General Iron’s owner sues city over permit holdup, seeks more than $100 million

Southside Recycling, formerly known as General Iron in Lincoln Park, wants a federal judge to order the city to issue a final permit that will allow the opening of a new facility at East 116th Street and the Calumet River.

SHARE General Iron’s owner sues city over permit holdup, seeks more than $100 million

Southside Recycling, the new metal-shredding operation on the Southeast Side, is fully constructed and cost $80 million to build, according to a lawsuit against the city.


The owner of a controversial metal-shredding operation proposing to open on the Southeast Side is suing the city in federal court for more than $100 million, claiming Mayor Lori Lightfoot’s administration broke a contract as it holds up a permit due to pollution concerns.

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Southside Recycling, formerly known as General Iron in Lincoln Park, wants a judge to order the city to issue a final permit that will allow the opening of a new facility at East 116th Street and the Calumet River. This month, Lightfoot said she would hold off on issuing the permit until an environmental assessment can be completed. That decision was made after a request from President Joe Biden’s Environmental Protection Agency administrator.

“The City’s failure to issue the permit to Southside Recycling has caused significant and potentially permanent damage to Southside Recycling’s business,” the company’s complaint said.

In September 2019, the Lightfoot Administration signed a two-page agreement with General Iron and Reserve Management Group, which was at the time proposing to buy the shredding operation and move it to the Southeast Side, where it has existing operations. That agreement laid out plans for the Lincoln Park facility to close, which it did at the end of 2020. RMG began building its new operation, which the lawsuit says cost $80 million. The company says it kept its part of the deal during the permit process and the city must abide by its own guidelines.

Community opponents of the new shredding facility have said that the move is a case of environmental racism because it moves a polluting business from a white, wealthy neighborhood to a Latino-majority community on the South Side.

“Neither the law nor the Agreement permits the City to abandon its obligations and instead cater to this false narrative,” RMG said in its complaint.

Opponents of General Iron’s move to the Southeast Side occupying the intersection of Milwaukee, Diversey and Kimball avenues during a protest in 2021.

Activists occupy the intersection of Milwaukee, Diversey and Kimball during a protest and rally in March against General Iron’s relocation to the Southeast Side.

Tyler Pasciak LaRiviere / Sun-Times file

The company’s complaint makes a number of arguments that RMG has repeated for more than year as it addressed objections to the move to the Southeast Side and assured pollution controls were in place. But it also accuses the city of violating its constitutional rights as a landowner. By not issuing a final permit to operate on its own land, the lawsuit claims, the city “has effectively taken the value of RMG’s property without just compensation.”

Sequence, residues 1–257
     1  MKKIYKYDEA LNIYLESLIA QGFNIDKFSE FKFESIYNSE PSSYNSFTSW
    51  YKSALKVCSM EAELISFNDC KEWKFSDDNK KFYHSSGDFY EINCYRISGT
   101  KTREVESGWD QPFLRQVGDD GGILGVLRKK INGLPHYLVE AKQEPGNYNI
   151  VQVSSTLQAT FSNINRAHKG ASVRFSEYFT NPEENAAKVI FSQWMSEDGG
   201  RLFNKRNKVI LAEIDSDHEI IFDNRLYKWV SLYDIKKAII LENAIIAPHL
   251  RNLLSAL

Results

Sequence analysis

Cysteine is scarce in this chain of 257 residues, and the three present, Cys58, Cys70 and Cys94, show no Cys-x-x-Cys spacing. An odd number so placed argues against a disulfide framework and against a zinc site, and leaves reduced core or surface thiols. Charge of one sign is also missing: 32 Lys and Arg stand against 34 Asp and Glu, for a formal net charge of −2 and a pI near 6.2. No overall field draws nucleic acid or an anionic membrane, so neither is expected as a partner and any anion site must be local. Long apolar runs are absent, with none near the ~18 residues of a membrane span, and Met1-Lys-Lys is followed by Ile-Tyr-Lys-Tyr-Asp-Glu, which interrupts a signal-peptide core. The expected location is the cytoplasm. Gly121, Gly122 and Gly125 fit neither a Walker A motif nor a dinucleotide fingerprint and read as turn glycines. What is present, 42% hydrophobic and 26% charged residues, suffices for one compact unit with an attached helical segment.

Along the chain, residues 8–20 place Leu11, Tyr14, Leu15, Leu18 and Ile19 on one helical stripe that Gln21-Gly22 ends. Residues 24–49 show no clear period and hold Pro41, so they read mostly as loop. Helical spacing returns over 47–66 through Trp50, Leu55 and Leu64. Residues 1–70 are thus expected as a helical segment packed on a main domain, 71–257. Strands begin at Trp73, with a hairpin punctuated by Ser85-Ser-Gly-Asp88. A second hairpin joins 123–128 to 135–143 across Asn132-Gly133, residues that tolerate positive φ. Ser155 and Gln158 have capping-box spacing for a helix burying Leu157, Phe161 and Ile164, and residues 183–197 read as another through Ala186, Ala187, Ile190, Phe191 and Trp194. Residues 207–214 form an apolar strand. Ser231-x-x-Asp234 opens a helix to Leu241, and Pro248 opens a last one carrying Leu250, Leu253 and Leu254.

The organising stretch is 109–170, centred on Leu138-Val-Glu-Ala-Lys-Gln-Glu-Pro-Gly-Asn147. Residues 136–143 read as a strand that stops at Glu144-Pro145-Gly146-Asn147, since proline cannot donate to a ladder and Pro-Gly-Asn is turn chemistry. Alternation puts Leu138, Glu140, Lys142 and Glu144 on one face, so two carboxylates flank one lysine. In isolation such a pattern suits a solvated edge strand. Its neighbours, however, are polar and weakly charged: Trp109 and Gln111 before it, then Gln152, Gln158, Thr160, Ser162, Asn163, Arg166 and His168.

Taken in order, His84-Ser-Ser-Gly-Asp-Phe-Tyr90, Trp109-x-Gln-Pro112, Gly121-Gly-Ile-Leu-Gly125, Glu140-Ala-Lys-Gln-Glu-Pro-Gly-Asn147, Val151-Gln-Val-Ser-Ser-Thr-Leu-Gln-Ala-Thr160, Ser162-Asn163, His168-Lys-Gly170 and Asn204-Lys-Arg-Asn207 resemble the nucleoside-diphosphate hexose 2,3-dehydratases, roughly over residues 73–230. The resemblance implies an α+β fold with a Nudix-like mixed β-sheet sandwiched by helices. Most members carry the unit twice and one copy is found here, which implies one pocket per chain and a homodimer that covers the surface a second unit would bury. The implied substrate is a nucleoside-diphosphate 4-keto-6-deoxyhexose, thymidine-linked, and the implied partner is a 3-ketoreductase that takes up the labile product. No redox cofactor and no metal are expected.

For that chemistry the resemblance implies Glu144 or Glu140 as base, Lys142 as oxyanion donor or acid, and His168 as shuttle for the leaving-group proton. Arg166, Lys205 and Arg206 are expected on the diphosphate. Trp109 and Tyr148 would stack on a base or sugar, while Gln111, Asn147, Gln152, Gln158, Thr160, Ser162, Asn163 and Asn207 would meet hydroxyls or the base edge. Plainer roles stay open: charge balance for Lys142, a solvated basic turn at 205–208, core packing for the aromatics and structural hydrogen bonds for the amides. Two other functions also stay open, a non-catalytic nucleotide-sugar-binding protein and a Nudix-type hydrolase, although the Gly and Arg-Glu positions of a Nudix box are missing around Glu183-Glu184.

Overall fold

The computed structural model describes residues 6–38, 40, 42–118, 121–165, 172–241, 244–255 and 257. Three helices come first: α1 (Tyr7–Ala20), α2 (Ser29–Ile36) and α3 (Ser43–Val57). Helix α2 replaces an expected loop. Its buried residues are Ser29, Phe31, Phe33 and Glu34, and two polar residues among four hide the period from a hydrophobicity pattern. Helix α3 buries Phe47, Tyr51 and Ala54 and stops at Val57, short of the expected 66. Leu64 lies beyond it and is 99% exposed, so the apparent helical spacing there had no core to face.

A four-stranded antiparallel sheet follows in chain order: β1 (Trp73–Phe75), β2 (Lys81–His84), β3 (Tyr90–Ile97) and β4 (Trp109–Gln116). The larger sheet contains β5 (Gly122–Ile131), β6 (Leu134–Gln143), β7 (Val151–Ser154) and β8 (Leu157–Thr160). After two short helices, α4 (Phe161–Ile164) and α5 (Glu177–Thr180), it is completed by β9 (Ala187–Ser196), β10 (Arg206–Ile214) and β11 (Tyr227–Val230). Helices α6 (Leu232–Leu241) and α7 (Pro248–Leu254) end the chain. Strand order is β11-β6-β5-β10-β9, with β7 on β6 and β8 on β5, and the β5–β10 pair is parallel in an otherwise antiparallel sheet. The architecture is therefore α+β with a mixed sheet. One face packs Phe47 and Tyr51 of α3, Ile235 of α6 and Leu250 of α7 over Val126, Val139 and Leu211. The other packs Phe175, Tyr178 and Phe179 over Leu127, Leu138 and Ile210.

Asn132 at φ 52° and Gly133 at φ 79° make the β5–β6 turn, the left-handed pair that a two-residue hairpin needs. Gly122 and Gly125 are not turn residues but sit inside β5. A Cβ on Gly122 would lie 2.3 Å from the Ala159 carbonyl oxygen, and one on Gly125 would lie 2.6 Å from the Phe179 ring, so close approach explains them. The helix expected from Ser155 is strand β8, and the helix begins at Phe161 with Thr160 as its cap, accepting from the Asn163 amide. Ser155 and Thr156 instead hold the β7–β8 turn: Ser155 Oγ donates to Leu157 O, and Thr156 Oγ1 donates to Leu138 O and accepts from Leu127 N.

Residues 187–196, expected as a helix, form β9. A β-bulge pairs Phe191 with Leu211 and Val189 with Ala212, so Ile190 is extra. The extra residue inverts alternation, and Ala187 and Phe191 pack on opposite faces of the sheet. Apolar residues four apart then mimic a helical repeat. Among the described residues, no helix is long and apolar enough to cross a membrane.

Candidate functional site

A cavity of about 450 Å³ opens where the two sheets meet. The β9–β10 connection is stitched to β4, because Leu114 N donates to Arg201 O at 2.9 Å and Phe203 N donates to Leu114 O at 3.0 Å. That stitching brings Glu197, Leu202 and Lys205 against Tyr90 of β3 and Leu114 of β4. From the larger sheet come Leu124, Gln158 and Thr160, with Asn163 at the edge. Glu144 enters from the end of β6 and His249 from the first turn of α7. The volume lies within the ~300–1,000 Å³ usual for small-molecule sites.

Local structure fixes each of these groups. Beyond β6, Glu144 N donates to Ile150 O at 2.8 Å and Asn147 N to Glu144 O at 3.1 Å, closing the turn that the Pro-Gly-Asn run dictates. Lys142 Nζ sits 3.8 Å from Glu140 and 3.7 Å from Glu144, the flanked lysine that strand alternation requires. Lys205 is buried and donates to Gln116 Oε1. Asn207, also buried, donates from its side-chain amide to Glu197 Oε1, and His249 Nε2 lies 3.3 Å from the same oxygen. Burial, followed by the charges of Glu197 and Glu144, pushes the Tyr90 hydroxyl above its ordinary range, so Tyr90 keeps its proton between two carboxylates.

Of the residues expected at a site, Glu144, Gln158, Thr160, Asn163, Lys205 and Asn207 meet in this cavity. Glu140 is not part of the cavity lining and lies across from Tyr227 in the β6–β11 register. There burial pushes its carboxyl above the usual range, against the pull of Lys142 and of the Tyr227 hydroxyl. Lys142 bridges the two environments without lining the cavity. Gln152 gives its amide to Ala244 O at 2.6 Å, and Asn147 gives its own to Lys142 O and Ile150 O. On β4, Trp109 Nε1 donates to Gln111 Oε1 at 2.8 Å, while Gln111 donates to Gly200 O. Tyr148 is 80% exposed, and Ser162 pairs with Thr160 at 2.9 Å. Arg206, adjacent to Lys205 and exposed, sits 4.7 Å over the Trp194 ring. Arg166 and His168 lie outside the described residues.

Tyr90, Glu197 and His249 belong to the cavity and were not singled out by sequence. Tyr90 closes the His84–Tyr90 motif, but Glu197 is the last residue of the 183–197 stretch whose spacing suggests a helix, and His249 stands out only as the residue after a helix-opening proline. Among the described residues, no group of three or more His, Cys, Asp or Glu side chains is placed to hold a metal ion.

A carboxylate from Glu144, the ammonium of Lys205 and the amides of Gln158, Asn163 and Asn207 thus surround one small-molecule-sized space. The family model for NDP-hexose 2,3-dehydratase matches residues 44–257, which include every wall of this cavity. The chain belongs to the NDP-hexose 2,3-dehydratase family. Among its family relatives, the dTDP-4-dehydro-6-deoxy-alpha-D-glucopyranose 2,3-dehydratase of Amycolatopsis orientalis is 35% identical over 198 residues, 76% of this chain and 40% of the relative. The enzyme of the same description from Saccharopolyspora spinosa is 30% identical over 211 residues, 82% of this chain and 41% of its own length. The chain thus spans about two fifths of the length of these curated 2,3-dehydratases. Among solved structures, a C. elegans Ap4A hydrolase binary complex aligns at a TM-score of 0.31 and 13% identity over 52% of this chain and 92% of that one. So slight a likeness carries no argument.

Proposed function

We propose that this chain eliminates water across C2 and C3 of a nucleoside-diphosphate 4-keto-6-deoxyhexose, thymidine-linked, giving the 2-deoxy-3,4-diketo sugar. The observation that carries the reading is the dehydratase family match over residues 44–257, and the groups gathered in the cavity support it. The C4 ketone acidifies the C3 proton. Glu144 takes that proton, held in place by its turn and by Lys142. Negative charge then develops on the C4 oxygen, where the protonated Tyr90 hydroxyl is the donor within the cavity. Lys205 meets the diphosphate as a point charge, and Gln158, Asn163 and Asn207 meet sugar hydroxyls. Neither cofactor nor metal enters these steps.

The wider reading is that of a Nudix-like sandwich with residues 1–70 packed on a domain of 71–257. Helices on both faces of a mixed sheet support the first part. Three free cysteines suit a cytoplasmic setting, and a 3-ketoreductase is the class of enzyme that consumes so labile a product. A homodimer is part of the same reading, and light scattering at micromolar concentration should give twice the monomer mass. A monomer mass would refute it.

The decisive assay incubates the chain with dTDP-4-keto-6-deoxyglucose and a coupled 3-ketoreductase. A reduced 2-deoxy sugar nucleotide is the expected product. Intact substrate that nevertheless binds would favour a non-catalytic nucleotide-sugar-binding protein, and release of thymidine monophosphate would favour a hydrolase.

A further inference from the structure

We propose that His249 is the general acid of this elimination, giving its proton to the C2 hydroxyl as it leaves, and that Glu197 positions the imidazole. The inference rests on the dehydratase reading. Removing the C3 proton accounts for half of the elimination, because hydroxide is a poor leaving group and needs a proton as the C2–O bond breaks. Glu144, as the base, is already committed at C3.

“This illegal taking is particularly pronounced because the City lured RMG into permanently ceasing operations at the North Side facility and constructing a new facility on the Southeast Side,” the complaint said.

The city’s role in relocating General Iron to the Southeast Side is at the core of a federal civil rights investigation being conducted by the Department of Housing and Urban Development. That agency also had asked Lightfoot to withhold issuing a permit until its probe was completed.

In a response, the city said it “has engaged in a thoughtful, data-driven and robust process that took into consideration the application, supplemental materials, expert reports and studies, as well as input from residents who will be most directly impacted by RMG’s proposed new use. Given the recent directive from U.S. Environmental Protection Agency, we must work with them to conduct a further analysis of potential adverse environmental impacts. Because this matter is now being litigated, we will have no further comment.”

In a letter to Lightfoot earlier this month, EPA Administrator Michael Regan said the Southeast Side already faces too many environmental and health hazards and asked the mayor to hold off on issuing the permit. Almost 250 operations in the area are monitored for air pollution, he said, noting that more than 75 of them have been investigated for air pollution violations since 2014.

Community opposition has been strong and some residents activists even staged a month-long hunger strike.

In its complaint, RMG accused the city of bowing to political pressure rather than following its own rules and regulations.

Contributing: Jon Seidel

Brett Chase’s reporting on the environment and public health is made possible by a grant from The Chicago Community Trust.

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